December 29, 2013 in Outdoors
2013 outdoors: Wolf issues
Rich Landers The Spokesman-Review
The gray wolf, reintroduced to the Rockies in the mid-1990s, continued to leave its mark across the Northwest in 2013 and into the legislatures. Here are some highlights.
• Idaho and Montana report significantly lower numbers of wolves for the first time since reintroduction, owing to hunting, trapping and wildlife control. But wildlife officials say wolf numbers are still too high.
• Washington estimates up to 100 wolves in the state, double the estimate in 2012.
• The cost of managing wolves in Washington, where they are still protected, is likely to increase by more than 200 percent from the past two years to about $2.3 million in 2013-14, wildlife managers say.
• Wolf hunting and trapping become issues of national attention as a wolf hunter shoots and kills a malamute romping with its owner while cross country skiing near Lolo Pass; a Sandpoint woman’s dog is caught in a snare set along a closed forest road, and a central Idaho predator hunting derby becomes the first modern contest to target wolves in the lower 48.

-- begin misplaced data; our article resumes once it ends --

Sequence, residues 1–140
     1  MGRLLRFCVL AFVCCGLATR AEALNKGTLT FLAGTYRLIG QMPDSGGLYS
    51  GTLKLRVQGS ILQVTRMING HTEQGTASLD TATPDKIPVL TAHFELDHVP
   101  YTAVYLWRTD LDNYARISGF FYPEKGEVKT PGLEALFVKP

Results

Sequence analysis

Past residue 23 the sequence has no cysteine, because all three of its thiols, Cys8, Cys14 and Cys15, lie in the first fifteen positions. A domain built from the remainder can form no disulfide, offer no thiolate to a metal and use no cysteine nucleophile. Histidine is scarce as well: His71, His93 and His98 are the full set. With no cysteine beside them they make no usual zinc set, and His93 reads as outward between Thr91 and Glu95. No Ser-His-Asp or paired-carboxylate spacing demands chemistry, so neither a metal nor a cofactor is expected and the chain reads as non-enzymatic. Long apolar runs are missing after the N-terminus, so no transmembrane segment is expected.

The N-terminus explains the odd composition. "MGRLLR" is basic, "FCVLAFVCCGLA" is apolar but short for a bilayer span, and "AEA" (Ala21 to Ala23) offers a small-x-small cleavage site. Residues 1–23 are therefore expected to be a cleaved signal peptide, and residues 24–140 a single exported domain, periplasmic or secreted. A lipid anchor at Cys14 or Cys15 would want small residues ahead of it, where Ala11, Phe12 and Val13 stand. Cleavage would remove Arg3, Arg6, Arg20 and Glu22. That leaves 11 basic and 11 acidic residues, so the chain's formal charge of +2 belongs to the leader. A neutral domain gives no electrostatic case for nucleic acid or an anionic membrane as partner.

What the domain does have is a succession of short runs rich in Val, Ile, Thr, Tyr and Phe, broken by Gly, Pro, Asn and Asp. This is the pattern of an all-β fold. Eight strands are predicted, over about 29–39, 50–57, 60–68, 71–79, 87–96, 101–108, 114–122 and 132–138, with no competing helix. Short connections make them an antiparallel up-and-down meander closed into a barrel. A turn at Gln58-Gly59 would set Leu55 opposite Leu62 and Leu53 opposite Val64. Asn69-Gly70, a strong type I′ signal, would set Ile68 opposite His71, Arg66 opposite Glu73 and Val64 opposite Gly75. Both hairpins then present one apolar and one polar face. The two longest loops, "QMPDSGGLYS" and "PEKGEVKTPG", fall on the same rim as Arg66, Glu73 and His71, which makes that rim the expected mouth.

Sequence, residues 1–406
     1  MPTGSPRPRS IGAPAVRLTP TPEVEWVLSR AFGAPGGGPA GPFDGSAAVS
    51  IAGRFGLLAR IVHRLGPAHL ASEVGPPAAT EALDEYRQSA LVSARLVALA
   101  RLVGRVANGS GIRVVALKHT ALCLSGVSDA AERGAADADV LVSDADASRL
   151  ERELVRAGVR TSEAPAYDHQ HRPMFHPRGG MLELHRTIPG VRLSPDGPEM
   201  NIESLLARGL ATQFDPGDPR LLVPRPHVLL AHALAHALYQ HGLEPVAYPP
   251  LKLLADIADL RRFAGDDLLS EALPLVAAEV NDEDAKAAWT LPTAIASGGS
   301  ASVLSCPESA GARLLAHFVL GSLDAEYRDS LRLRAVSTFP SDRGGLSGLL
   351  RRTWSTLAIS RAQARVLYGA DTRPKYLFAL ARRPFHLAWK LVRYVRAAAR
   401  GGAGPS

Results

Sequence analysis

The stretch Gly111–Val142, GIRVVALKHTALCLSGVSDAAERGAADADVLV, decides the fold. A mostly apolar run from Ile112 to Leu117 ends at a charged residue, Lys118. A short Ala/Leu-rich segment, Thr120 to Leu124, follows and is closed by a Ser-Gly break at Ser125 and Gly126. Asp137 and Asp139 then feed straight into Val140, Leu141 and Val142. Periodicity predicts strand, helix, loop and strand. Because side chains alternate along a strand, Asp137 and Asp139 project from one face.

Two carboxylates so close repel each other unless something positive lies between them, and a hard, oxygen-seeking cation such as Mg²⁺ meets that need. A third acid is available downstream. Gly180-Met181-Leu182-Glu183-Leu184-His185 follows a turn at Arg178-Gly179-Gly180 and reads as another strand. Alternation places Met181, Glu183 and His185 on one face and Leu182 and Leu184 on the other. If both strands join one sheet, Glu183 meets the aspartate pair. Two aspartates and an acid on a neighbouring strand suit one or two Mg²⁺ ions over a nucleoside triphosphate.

• Hunting authorized outside of Yellowstone Park results in the killing of wolves popular with tourists as well as radio-collared wolves vital to research.
• The U.S. Fish and Wildlife Service proposes to drop endangered species protections for the gray wolf in most of the country.
• Pro-wolf groups submit a million comments in December to the FWS favoring continued federal protection.
• Washington legislation makes it legal to kill wolves threatening pets and livestock, provides state wildlife managers more resources to prevent wolf-livestock conflict and expands criteria to compensate livestock owners for wolf-related losses.
• Idaho hires a hunter to eliminate two wolf packs in the Frank Church River of No Return Wilderness to take the pressure off collapsing elk herds.
• Michigan becomes sixth state with a wolf hunting season.